Eyesafe 2020
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Keeping the Lights on All the Time

The Community Appropriate Sustainable Energy Security Project Reimagines Energy 

Officially launched in July 2019 and based at the University of Saskatchewan, the Community Appropriate Sustainable Energy Security Project (CASES) is working to improve energy security in northern and Indigenous communities here and abroad. “CASES is a project involving 15 communities—including two in Saskatchewan—and 17 public and private sector partners,” says Jackie Martin, CASES project manager. “The project’s goal is to share knowledge, build capacity, and create renewable energy systems in these communities.”

Energy Security in the North

CASES Team Canada

In Saskatchewan, there are two power grids. In the North, the grid is ungrounded—with many power customers relying on electricity for heat from that grid. “The ungrounded grid means that when the power goes out, it goes out for the whole grid, not just a small area,” says Martin. “With so many people using electric heat—that’s a huge problem. People can’t go days without heat during a Saskatchewan winter.” In other northern and Indigenous communities, power is generated from diesel with many generation systems at the end of their useful life. “People using diesel for energy are at the mercy of pricing in the market, and often aging infrastructure,” says Martin. “Many communities are dealing with generators that won’t be viable for long.”

Both energy sources pose problems for residents relying on them in terms of reliability, affordability and sustainability. Add these issues to the energy transition the world is facing, and solutions are needed to help these communities find and maintain a sustainable energy source, long-term.

Enter CASES

Saskatchewan (and Canada’s) north is ready for energy transition, and CASES will help lead the way. “There are over 250 off-grid communities in northern Canada. Of those, 170 are Indigenous and reliant on diesel generators,” says Martin. “The opportunity is right here, right now. Transitions can be made to different energy sources, including biomass, solar, and wind.”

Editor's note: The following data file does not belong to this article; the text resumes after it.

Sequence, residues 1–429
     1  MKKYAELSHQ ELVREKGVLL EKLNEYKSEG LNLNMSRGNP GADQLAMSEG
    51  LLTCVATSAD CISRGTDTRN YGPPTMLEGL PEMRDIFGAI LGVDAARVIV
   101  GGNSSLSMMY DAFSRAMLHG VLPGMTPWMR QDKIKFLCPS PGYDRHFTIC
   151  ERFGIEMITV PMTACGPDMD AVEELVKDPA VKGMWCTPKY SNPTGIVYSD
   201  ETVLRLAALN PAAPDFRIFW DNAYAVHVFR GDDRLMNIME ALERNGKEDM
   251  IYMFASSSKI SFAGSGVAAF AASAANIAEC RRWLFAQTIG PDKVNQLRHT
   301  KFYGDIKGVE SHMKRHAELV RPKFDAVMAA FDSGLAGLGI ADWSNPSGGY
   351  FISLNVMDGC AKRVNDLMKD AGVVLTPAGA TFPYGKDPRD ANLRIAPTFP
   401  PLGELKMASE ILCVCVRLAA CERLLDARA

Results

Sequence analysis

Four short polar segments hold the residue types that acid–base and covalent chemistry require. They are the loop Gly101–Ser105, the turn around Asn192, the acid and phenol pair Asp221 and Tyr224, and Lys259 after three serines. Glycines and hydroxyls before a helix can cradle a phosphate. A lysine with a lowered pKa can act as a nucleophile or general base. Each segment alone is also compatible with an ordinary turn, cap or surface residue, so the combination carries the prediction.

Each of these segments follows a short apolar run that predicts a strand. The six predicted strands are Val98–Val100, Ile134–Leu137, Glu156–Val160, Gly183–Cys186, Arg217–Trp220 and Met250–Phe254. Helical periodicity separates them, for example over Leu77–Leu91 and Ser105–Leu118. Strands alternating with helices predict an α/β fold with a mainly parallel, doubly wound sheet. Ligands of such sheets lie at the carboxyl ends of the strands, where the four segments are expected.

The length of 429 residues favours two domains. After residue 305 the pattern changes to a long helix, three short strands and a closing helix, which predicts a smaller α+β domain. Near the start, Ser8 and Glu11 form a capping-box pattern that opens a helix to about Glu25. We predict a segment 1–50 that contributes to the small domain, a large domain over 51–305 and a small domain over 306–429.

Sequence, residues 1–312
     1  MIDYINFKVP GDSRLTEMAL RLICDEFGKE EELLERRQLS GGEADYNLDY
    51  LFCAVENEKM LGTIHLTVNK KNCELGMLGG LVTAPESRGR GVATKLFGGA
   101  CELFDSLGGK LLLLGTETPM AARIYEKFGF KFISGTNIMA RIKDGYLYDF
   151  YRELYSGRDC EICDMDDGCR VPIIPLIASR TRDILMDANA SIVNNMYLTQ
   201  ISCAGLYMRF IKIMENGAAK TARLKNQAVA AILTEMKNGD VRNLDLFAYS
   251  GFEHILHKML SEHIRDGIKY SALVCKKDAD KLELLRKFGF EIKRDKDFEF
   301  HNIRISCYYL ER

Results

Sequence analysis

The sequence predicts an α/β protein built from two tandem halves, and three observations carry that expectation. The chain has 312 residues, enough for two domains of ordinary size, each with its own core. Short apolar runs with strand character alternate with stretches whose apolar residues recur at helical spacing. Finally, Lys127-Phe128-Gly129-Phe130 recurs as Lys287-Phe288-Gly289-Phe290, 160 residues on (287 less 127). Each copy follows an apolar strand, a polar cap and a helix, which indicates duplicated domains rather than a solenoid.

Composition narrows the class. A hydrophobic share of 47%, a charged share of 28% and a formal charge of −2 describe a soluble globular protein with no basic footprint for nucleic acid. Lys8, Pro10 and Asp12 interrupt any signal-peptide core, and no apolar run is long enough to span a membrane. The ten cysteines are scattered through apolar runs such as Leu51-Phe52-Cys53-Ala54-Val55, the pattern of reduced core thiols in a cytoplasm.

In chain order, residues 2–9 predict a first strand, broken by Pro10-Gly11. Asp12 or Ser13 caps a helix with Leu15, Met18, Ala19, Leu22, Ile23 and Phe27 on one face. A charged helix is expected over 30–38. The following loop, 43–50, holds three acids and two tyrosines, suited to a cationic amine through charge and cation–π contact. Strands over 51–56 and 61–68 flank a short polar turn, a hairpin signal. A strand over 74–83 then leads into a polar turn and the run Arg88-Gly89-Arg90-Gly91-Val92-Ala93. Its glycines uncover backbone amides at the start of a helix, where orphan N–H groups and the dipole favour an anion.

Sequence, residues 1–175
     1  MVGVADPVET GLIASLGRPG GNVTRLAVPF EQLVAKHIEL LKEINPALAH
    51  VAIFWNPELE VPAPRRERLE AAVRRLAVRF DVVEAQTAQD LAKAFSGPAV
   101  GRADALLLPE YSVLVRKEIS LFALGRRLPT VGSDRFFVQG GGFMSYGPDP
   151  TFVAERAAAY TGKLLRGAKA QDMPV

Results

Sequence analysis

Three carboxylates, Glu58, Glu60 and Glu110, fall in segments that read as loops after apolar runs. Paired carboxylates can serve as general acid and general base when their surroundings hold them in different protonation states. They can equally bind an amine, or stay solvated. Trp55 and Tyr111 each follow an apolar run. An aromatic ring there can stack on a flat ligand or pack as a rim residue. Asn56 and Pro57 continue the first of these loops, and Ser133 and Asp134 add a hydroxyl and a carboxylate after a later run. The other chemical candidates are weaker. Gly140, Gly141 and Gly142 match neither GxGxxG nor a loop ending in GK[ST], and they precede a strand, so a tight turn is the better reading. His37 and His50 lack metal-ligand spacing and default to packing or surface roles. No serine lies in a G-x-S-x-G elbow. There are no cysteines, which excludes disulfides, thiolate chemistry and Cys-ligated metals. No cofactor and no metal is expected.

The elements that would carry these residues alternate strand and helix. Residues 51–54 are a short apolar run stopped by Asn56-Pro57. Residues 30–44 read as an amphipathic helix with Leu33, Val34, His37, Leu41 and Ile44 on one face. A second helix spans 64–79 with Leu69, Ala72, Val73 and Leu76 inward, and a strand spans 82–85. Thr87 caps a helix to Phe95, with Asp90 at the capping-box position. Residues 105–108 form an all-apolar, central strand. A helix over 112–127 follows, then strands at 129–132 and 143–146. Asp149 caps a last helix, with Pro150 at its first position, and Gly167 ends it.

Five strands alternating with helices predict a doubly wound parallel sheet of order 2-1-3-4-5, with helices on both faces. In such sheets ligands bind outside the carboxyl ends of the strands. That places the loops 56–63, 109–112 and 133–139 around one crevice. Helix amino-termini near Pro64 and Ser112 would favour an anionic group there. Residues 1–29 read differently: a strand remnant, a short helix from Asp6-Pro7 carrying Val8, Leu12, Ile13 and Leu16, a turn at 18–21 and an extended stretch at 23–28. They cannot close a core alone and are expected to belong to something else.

CASES is bringing together these impacted communities with researchers, utilities and partners to address how energy can be generated and delivered sustainably over time. “We’re working with partners in Alaska, Sweden and Norway, who are years ahead of Canada in addressing these issues,” says Martin. “Together, we can find solutions for Canadian communities dealing with energy problems in the North.” The project, funded in part by the federal government and industry, will spend the next seven years working on solutions. “During the project, we will not only help communities but also train 83 graduate students and post-doctoral fellows in energy-related sciences,” says Martin.

Industry Partnerships

CASES is more than a research project. It also offers major opportunities for utilities and energy industry partners. “Not only can organizations contribute in terms of corporate social responsibility, it’s also the chance to test ideas and new tech,” says Martin. “We’re open to working with partners with an interest in the energy transition and renewable energy technology.” The project will also host its first international forum in January 2021, bringing together experts from around the world. “CASES will help deliver solutions, working hand in hand with communities and researchers—it’s a remarkable project based right in our province.”

Learn more at renewableenergy.usask.ca